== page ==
How to: Authenticate a user with an identity token for Exchange

apps for Office

Learn how to match an Exchange identity token with a registered user of your service.

Last modified: February 27, 2014

Applies to: Exchange Online | Exchange Server 2013 | Exchange Server 2013 SP1 | Outlook 2013 | Outlook 2013 SP1 | Outlook Web App | OWA for Devices

   Office.js: v1.0, v1.1

   Apps for Office manifests schema: v1.0, v1.1

You can implement a single sign-on (SSO) authentication scheme for an information service that enables customers who are using mail apps to connect to your service by using their Exchange server credentials. This article shows how to match credentials by using a simple Dictionary object-based user data store.

Note Note

This is just a simple illustration of SSO and should not be used in your production code. As always, when you're dealing with identity and authentication, you have to make sure that your code meets the security requirements of your organization.

To use an identity token for SSO, your service application needs to have a valid identity token. You can learn about identity tokens, and how to request and validate an identity token, in the following articles:

The following code example shows a simple authentication object that will match the unique identity represented by an identity token with a set of credentials for a service. The TokenAuthentication class provides a method, GetResponseFromService, that will return a response for previously authenticated tokens, or ask the user to provide credentials that can be authenticated and associated with the identity token. The code is not complete; it assumes that you will provide the following objects and methods.

Object/method

Description

LocalCredentials object

Represents the user’s credentials for your service. The structure of the object depends on the requirements of your service.

IdentityToken object

Contains a user identity token sent to your service by a mail app. The object must contain at least the unique Exchange identifier of the user and the authentication metadata URL for the server that issued the token. This example uses the identity token object defined in the article How to: Validate an Exchange identity token.

JsonResponse object

Represents the response from your service. The object can be serialized to a JSON object.

CallService method

Calls your service with a LocalCredentials object that contains the user’s credentials for the service and an object that contains data for the service request. If the credentials are valid, this method returns a JsonReponse object that contains the results of the request. If the credentials are not valid, this method returns null.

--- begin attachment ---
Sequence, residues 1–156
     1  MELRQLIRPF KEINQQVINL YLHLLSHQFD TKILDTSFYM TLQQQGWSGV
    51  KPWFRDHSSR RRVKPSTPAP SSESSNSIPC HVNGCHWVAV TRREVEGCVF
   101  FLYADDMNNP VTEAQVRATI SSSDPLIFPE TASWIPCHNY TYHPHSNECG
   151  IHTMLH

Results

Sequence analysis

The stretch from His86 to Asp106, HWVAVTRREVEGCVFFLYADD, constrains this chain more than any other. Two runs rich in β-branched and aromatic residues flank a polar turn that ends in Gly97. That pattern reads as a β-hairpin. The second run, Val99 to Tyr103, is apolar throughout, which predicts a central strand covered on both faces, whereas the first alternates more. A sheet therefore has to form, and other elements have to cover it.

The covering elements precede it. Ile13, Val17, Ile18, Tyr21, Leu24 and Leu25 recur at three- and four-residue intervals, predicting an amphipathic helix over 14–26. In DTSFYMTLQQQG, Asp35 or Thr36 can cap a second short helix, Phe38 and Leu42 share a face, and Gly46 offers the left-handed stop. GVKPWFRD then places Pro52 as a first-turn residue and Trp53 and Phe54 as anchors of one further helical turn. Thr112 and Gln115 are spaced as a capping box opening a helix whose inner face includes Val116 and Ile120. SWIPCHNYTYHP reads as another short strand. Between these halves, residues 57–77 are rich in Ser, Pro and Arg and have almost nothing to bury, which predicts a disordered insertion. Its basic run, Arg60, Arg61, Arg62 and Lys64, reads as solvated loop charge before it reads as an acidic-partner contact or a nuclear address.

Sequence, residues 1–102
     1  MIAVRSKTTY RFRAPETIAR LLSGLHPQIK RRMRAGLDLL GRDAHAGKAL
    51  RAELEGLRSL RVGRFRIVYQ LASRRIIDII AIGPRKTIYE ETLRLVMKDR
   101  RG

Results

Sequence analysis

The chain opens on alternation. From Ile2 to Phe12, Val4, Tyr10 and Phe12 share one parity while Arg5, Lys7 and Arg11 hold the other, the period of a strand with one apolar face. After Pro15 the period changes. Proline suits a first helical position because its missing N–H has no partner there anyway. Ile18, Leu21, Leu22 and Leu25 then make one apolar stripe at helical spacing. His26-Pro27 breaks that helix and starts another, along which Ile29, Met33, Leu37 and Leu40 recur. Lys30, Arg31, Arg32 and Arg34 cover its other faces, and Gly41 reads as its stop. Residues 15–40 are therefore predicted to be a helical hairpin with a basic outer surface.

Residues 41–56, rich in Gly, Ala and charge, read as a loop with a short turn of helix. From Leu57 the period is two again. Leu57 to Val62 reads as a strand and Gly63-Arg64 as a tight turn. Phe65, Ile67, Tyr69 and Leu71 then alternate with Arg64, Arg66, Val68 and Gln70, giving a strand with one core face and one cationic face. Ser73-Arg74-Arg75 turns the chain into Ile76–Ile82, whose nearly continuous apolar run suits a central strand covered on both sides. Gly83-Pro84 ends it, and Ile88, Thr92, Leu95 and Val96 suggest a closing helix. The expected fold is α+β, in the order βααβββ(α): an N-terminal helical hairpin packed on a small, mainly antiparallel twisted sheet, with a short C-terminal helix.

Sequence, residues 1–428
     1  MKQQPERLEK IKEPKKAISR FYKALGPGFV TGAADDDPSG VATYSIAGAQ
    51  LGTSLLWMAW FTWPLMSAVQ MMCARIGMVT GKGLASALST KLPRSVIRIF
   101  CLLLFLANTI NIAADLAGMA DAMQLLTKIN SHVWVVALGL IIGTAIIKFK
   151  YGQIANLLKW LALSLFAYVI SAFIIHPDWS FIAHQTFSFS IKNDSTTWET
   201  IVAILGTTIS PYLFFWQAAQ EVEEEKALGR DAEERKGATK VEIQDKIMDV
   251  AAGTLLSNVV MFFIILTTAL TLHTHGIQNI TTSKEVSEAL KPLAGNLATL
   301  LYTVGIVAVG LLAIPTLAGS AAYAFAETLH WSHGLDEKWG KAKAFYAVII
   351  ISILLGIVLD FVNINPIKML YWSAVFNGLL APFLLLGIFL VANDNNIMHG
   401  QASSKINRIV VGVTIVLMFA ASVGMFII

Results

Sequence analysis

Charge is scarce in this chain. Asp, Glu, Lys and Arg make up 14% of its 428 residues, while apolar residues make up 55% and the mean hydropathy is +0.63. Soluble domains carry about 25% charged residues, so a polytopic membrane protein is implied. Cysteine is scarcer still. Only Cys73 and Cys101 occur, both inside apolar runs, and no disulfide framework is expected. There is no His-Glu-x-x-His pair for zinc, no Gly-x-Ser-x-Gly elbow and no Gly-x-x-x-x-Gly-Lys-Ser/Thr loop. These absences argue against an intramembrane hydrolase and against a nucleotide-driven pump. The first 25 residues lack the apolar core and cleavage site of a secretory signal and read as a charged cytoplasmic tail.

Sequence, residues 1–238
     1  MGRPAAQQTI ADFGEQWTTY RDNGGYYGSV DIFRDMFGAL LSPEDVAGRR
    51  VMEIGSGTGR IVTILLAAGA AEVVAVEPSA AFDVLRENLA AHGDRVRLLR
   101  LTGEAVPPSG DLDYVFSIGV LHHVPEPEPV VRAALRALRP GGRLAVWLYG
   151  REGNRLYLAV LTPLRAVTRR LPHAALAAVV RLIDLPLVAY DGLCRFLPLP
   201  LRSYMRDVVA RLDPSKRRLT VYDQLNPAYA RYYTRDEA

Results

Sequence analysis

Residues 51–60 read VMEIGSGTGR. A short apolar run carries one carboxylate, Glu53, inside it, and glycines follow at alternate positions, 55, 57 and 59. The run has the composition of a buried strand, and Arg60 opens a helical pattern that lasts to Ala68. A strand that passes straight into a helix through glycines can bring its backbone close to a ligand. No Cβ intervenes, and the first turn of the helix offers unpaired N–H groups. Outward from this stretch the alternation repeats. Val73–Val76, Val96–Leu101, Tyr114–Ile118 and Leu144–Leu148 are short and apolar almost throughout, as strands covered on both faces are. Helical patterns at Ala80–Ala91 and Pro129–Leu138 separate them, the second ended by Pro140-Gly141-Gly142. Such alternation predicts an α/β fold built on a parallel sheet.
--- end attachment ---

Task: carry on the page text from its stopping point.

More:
GetCredentialsResponse method

Returns a JsonReponse object that your mail app for Office will recognize as a request for credentials for the service.

LocalCredentialsAreValid method

Returns true if the credentials supplied to the service are valid; otherwise, it returns false.

Note Note

This is just one suggestion for how to use the identity token. As always, when you're dealing with identity and authentication, you have to make sure that your code meets the security requirements of your organization.

    public class TokenAuthentication
    {
        // This example uses a Dictionary object to store local credentials. Your application should use
        // a data store that is appropriate to the security requirements of your organization.
        private Dictionary<string, LocalCredentials> AuthenticationCache = new Dictionary<string, LocalCredentials>();

        // Salt to apply when creating unique ID.
        private byte[] Salt = new byte[] {25, 139, 201, 13};

        private JsonResponse CallService(LocalCredentials credentials, object data)
        {
            // Calls the local service to get the response for the user.
            return null;
        }

        private JsonResponse GetCredentialsResponse()
        {
            // Creates a response that tells the mail app to
            // request the user's credentials for the service.
            return null;
        }

        private bool LocalCredentialsAreValid(LocalCredentials credentials)
        {
            // Returns true if the service recognizes the credentials provided.
            return false;
        }

        private string ComputeSHA256Hash(string uniqueId, string authenticationMetadataUrl, byte[] salt)
        {
            byte[] inputBytes = Encoding.ASCII.GetBytes(string.Concat(uniqueId, authenticationMetadataUrl));

            // Combine input bytes and salt.
            byte[] saltedInput = new byte[salt.Length + inputBytes.Length];
            salt.CopyTo(saltedInput, 0);
            inputBytes.CopyTo(saltedInput, salt.Length);

            // Compute the unique key.
            byte[] hashedBytes = SHA256CryptoServiceProvider.Create().ComputeHash(saltedInput);

            // Convert the hashed value to a string and return.
            return BitConverter.ToString(hashedBytes);
        }

        public JsonResponse GetResponseFromService(IdentityToken token, LocalCredentials credentials, object data)
        {
            JsonResponse response = null;
            // This method should never be called with a null token.
            if (null == token)
            {
                throw new ArgumentNullException("token");
            }

            if (null == credentials)
            {
                string uniqueKey = ComputeSHA256Hash(token.ExchangeID, token.AuthenticationMetadataUrl, Salt);
                if (!AuthenticationCache.ContainsKey(uniqueKey))
                {
                    // The user's credentials are not in the authentication cache. Ask